The protestors on the other hand have a different prism of looking at development. Not being part of the institutions of governance they take a liberal space to take sides with a different section in society, whom they see as the global poor, and develop strong antithesis against what they see as dominant methods of development. Now, such groups and individuals exist not only in the openly acknowledge poor countries of the world. They also have strong and significant existence in developed nations, both ideologically and strategically. In this era of postmodernism and globalization it is only natural that such forces join hands to realize their vision of development. Such endeavours are often resented by dominant forces and by governments that support their worldview. Unable to contain the thesis of such environmentalists, leftist, and pro-poor civil society actors, government generally take recourse to ascriptive practices. Ascriptions are generally made as a means of legitimizing the use of brute force on dissent. Civil society sees the development projects of the government as subversive to the future of the poor and government see the thesis of civil society as subversive of their mega development journey. The irony is that both speak of the nation.
Reeling out reams of paper and statistics to substantiate their positions by each party is not at all a difficult thing today. Even the Fourth Estate reels out many falsehoods these days for the sake of money. The citizen has to learn to take every data and information with a pinch of salt, these days even with a spoonful of salt. The irony of ascriptions is this. The GoI that points out an accusing finger at NGOs protesting against is priorities in Koodankulam is implementing its nuclear project with foreign money while allowing its citizens to stack Indian money in foreign banks. The NGOs that protest against government projects wait till the government announces one or other development project and get into acts of resistance. The vacuum on their part is the lack of any proactive alternative models that they can show to the government and to the world. They often present themselves as pathetic disaster resistant groups rather than as development groups, thus yielding themselves to easy ascriptions of being subversive.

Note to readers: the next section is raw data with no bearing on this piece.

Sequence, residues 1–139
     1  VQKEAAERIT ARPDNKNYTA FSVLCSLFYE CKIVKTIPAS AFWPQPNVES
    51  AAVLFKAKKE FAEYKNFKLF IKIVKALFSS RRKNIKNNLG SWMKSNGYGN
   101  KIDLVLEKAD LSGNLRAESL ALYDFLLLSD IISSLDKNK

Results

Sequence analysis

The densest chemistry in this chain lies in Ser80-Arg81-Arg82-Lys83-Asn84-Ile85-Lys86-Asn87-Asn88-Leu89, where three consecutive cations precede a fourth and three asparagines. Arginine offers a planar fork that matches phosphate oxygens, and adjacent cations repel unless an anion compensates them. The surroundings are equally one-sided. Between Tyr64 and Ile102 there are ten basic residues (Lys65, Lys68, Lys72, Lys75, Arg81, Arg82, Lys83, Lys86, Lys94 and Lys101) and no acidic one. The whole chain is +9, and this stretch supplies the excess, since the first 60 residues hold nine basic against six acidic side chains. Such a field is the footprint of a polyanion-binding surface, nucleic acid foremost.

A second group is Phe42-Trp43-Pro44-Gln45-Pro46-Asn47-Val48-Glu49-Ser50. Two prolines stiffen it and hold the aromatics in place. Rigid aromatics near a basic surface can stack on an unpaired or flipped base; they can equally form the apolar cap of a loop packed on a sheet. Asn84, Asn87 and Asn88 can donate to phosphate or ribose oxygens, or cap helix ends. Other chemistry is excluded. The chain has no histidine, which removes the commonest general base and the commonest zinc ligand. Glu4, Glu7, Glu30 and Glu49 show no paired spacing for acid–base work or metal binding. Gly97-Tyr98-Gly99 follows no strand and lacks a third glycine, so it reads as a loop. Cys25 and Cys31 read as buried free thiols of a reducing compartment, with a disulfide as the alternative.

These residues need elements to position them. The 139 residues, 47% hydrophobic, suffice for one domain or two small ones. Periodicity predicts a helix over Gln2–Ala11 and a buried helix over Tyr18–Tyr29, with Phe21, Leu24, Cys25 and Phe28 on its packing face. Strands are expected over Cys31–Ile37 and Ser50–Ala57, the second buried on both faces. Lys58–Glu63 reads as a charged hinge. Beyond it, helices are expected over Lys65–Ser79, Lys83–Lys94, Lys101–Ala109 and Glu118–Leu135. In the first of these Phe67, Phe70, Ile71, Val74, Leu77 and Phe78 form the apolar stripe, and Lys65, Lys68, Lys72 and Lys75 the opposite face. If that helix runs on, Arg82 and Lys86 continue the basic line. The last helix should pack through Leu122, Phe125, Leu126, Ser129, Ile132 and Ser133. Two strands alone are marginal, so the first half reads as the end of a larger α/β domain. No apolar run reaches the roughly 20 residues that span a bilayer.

The GoI is in urgent need of seeing such resistance as symbols and constitutive elements of a developing democracy. It is a veritable sign that Indian democracy is maturing and any State attempt to curb such development will go against governance in the long run. Amartya Sen said that this already exists in India by presenting an “Argumentative Indian”. I have gone a step further and said that India and the world should develop “Dialectic Democracy”. Dialectics is more institutional that argumentation. A matured civil society is bound to keep on producing its thesis and antithesis. Governments across the globe have to evaluate their own thesis in the light of the thesis and antithesis of the civil society instead of using ascription and brute force to put down democratic dissent.
This is what other countries have done. If Germany has decided to dismantle its nuclear installations by 2020 it is not simply a government decision. As a frequent visitor to Germany I know the level of citizen argumentation for greater Green world and a nuclear free Germany. It is the voice of the German citizen that has finally won in Germany. The way Green Party has increased its percentage votes, has made correct political alliances and the way German citizens have been educating themselves more and more on global warming mitigation and climate change must serve as a lesson for India. It is not a healthy sign to dump all foreign collaboration as ‘subversive’ when it is done by NGOs and doing seeking vote by the government doing the same.
The dire need in India that the governments develop the correct perspective, attitude and aptitude to listen to citizens of hue and cry, negotiate with dissent through argumentation and respect dialectic democracy. This may help healthy governance and national integration. Suppressing dissent may lead to uncontrollable eruptions of civil society at the most unexpected time and that time may be too late.
But can we camouflage all NGOs as being genuinely democratic? Do they not play into the hands of subversive forces in other countries? The legitimacy of such argumentation has to be looked into seriously. We shall do it in our next piece.